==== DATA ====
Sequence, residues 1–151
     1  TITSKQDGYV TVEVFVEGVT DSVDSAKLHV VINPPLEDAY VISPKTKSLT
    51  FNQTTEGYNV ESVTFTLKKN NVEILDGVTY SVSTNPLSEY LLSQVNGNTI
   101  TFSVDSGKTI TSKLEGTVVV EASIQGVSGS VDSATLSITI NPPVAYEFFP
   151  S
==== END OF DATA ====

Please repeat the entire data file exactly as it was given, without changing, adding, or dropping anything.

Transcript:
Sequence, residues 1–151
     1  TITSKQDGYV TVEVFVEGVT DSVDSAKLHV VINPPLEDAY VISPKTKSLT
    51  FNQTTEGYNV ESVTFTLKKN NVEILDGVTY SVSTNPLSEY LLSQVNGNTI
   101  TFSVDSGKTI TSKLEGTVVV EASIQGVSGS VDSATLSITI NPPVAYEFFP
   151  S